Barry's play about a magazine's invasion of a society girl's wedding grew out of this particularly modern 'tabloid' atmosphere. Indeed, The Philadelphia Story began as two short lines in one of Barry's many notebooks: 'The family in the process of bei ng studied for a piece in Fortune. Most unfortunate.' With this tidbit of inspiration, Bary combined careful observation of his favorite subjects, the idle rich. While on a visit to St. Paul, Minnesota, he heard of a peculiar local plague: some hardbit ten residents had a cottage industry blackmailing prominent wealthy families by threatening to expose their private lives. Returning to the East with these two elements, Barry followed his wife's suggestion to set his new play within the rarified air of Philadelphia's social elite. Helen Hope Montgomery, an eccentric socialite from Philadelphia's Main Line, was the original model for Tracy Lord. Her family and Barry's had become very close over the years: Barry was godfather to Montgomery's son and dedicated the play to her.
But in conceiving his play, Barry also began to draw on the personality of Katharine Hepburn, an actress he admired and whom he wanted for the title role in the play. The two had become friendly working on the movie of his play Holiday and later as neighbors. One day Barry took Hepburn for a walk, outlining for her the idea for his latest play. She recognized the potential in it, and the proximity between Tracy Lord and her own nature; he was excited enough at her response to send drafts of acts by s pecial messenger. Hepburn's response was doubtless derived in part from her own identification with the character she was to play. In what one critic describes as the 'family obsessed, deeply private, ultra-snobbish Philadelphian' the actress saw hersel f. Finishing-school product of old New England stock, proud daughter of a wealthy doctor and a free-thinking mother, she had even been married to an actual Philadelphia Main Line husband.
Furthermore, Hepburn - a very private woman - was embroiled in her own Tracy-Lord-like battle to protect herself from what she thought of as a 'shameless expose.' In 1939, her brother Dick, an aspiring playwright, presented her with a play that he had based on her life. The play, Sea Air, not only represented revealing scenes from Hepburn's lengthy affair with Howard Hughes, but it also contained unflattering caricatures of her family, Hughes, and Barry. Sea Air had been accepted for production at the Hedgerow Theater in New York when Hepburn and the rest of her family finally persuaded her brother to bury the project. Like his star, Barry was himself a very private person. In fact, he felt so strongly about protecting himself from the press that very little is known about his family life.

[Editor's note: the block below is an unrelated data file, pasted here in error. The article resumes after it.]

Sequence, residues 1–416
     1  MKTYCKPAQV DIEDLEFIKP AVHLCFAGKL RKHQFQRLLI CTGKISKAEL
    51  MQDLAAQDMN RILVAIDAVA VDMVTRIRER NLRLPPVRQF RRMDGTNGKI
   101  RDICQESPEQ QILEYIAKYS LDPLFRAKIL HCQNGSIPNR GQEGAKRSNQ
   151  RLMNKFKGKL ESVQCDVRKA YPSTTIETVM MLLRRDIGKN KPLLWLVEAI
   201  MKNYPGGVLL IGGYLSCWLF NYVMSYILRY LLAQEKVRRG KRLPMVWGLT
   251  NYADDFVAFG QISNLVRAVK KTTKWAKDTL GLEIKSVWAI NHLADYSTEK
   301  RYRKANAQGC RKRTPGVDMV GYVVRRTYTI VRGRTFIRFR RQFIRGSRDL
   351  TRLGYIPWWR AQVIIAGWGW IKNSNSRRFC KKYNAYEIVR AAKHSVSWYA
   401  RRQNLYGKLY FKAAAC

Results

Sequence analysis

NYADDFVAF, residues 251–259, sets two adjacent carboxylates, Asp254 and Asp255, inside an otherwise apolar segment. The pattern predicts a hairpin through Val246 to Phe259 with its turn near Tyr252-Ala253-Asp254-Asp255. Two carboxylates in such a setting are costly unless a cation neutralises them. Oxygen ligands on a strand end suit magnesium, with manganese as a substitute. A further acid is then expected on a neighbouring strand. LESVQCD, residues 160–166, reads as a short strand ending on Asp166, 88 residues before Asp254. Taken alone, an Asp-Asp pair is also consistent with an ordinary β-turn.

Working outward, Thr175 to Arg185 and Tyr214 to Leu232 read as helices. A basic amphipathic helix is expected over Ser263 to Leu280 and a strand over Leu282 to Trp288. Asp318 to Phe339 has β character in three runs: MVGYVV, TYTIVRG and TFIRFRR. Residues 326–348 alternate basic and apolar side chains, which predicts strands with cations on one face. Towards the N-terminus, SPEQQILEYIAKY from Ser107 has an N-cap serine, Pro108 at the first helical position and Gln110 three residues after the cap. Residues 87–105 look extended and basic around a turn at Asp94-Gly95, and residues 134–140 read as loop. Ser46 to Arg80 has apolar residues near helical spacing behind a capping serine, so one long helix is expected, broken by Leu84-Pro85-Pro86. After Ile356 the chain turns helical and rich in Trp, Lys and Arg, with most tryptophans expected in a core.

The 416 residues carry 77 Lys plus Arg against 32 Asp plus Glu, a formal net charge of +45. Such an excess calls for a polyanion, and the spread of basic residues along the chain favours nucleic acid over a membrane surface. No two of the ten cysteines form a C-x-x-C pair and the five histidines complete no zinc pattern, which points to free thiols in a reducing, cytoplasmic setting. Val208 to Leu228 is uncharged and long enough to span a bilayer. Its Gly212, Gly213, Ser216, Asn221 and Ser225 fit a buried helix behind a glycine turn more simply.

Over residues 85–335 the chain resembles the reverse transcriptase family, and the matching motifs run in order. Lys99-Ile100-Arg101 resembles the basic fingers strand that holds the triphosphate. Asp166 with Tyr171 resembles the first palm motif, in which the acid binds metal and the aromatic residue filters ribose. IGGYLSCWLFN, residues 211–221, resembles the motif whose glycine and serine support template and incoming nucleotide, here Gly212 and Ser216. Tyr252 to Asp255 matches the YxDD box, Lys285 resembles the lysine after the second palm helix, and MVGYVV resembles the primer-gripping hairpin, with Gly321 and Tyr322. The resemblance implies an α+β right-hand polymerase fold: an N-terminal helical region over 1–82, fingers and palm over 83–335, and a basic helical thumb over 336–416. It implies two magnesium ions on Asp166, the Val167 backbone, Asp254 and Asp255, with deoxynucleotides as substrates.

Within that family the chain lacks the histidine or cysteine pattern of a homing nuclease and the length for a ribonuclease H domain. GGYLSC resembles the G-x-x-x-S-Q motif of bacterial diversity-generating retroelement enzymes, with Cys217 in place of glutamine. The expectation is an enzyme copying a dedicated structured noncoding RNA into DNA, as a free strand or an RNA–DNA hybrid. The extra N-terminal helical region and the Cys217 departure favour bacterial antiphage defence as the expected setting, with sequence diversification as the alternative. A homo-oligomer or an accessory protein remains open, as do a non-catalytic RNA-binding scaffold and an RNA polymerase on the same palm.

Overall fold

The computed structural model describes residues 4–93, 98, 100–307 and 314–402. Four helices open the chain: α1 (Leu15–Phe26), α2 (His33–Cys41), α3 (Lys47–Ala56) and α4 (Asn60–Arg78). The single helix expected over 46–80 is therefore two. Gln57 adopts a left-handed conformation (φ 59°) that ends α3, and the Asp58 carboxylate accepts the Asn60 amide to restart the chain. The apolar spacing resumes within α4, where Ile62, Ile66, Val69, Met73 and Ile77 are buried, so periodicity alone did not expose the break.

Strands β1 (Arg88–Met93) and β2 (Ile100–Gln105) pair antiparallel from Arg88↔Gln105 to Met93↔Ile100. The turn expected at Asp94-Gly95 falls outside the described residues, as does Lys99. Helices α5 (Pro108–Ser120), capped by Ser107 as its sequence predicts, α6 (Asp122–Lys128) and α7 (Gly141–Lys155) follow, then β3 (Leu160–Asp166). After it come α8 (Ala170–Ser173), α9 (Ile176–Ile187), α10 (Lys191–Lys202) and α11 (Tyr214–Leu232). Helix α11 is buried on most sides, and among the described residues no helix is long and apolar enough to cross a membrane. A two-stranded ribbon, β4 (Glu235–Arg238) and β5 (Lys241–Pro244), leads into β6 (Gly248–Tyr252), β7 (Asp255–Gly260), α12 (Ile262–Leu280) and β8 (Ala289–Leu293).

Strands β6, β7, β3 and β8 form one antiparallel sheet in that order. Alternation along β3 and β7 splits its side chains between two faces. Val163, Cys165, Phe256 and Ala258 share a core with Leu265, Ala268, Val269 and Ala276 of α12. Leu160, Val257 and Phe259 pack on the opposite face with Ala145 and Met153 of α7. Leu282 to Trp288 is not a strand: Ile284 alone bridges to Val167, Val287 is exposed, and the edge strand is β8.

Katharine Hepburn agreed to star in The Philadelphia Story and the Theatre Guild agreed to produce based only on the strength of the first two acts. By the time they had found a director - Bob Sinclair, who had just directed The Women on Broadway - and had begun to cast, Barry had still not written an ending. When he called Hepburn from Florida, frightened that the cast would be ready to go before he had written Act III, she lied in order to calm him: 'I did not say: Where the hell in the third act? I just said, 'Oh, nothing much is going on up here. We're seeing actors and we have a good director and we're trying to take real care.' They received the script four days later. Hepburn had also helped cast the play, convincing Joseph Cotten to play C.K. Dexter Haven. Van Heflin and Shirley Booth played the two reporters.
As the play went into rehearsals, there were still problems with the third act, and Barry was revising and rewriting almost up until the show opened in New York. Much to everybody's relief, the audience greeted the play warmly and everyone involved with the production received glowing reviews in the New York newspapers.
The show's success eventually saved the Theatre Guild from financial ruin, saved Hepburn's career (she had only recently been labeled 'box-office poison') and saved Barry's reputation as a first rate writer of comedy.
The Philadelphia Story was made into a movie almost immediately, it was released in 1940. Because Hepburn owned the rights to the script, she sold it to MGM on the condition that she play the part she had made famous on Broadway. She also demanded two male stars Clark Gable and Spencer Tracy but she got Cary Grant and Jimmy Stewart. George Cukor, a friend of Hepburn's who was known as an 'actor's director' was chosen to direct. Barry had asked for too much money to write the screenplay so MGM gave the job to Donald Ogden Stewart. Stewart changed very little of the original play, only adding a few scenes and changing the order of others. It was Joseph Mankiewicz, the movie's producer, who ended up being responsible for the most significant change. In order to build up the character of Dexter, Mankiewicz suggested that they combine his part with that of Tracy's brother Sandy. Thus, in the movie version it is Dexter who brings the two reporters into the Lord household. The Philadelphia Story was as big a success on screen as it was as a play, breaking box office records and winning six Academy Award nominations. Hepburn did not win best actress, but Jimmy Stewart won best actor and Donald Ogden Stewart won for best screenplay adaptation. (Source: Court Theatre)